The State of the Anti-Nuclear Movement in 2021

[vc_row][vc_column][vc_separator css=”.vc_custom_1592076377183{padding-top: 15px !important;}”][vc_column_text]The State of the Anti-Nuclear Movement in 2021

Since the anti-nuclear movement began to propagate in response to the Hiroshima and Nagasaki bombings during the last part of the Second World War and the Cuban missile crisis, the usefulness of nuclear weapons by nation-states to safeguard national security has become a key debate in the international community.

Today, some progresses have been made to stop the use and proliferation of nuclear weapons by nation-states. On July 7th, 2017, 86 countries signed onto the Treaty on the Prohibition of Nuclear Weapons (TPNW). Though neither Canada nor the U.S. has fully divested from the use of nuclear weapons, many strides have been made since the beginnings of the anti-nuclear movement. Indeed, between 1986 and 2020, the number of nuclear weapons decreased from 70,300 to 13,410. By 2030, Global Zero, an anti-nuclear organization, wants to see that number drop to zero.

Still, the inaction from many nation-states, including Canada, remains a key frustration for many anti-nuclear advocacy groups, including Global Zero, the International Campaign for Nuclear Disarmament (ICAN), and the Arms Control Association.

Yet, why are states so reluctant to debate nuclear disarmament in the first place? Although the reasons appear to be complex, yet two things seems to be pertinent. One, nuclear power states do not want to appear weak in front of other powers by giving away their weapons and two, a lack of trust exists between and among the nation states about national security. At the same time, however, the threat that nuclear weapons pose to international peace remains a key issue.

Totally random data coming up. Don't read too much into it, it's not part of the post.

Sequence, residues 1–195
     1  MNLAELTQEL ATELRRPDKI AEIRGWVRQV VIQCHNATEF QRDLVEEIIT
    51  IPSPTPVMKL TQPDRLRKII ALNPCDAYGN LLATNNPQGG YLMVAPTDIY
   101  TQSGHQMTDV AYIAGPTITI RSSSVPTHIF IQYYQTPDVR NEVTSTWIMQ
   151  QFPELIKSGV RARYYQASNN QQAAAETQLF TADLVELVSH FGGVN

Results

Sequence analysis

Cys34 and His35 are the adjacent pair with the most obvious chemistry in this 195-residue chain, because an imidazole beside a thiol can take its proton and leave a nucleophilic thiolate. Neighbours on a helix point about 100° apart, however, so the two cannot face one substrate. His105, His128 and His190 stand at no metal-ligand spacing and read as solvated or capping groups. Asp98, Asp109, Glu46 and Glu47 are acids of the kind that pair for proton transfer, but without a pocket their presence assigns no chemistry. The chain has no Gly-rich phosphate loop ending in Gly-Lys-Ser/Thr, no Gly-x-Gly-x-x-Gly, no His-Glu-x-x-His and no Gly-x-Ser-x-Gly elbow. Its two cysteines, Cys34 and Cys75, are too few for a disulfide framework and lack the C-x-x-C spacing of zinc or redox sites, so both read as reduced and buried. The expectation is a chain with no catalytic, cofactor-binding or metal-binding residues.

Despite the challenges and hurdles experienced by proponents of nuclear disarmament, they remain both strategic and resilient. Indeed, in an article for The Conversation, Jon Coburn argues that the “anti-nuclear movement’s strength has always been its ability to react quickly and capitalize on external events that spark public interest.”

While public opinion remains divided on divestment from nuclear weapons, doing so can be a step towards creating a culture of peace. For decades, anti-nuclear advocates and organizations have remained resilient in keeping nuclear disarmament on the agenda. Until concrete policy is implemented internationally, the movement doesn’t show any sign of backing down.

Blog prepared by Cierra Bettens, Research Assistant at CRRIC.

Further reading:

Reaching Zero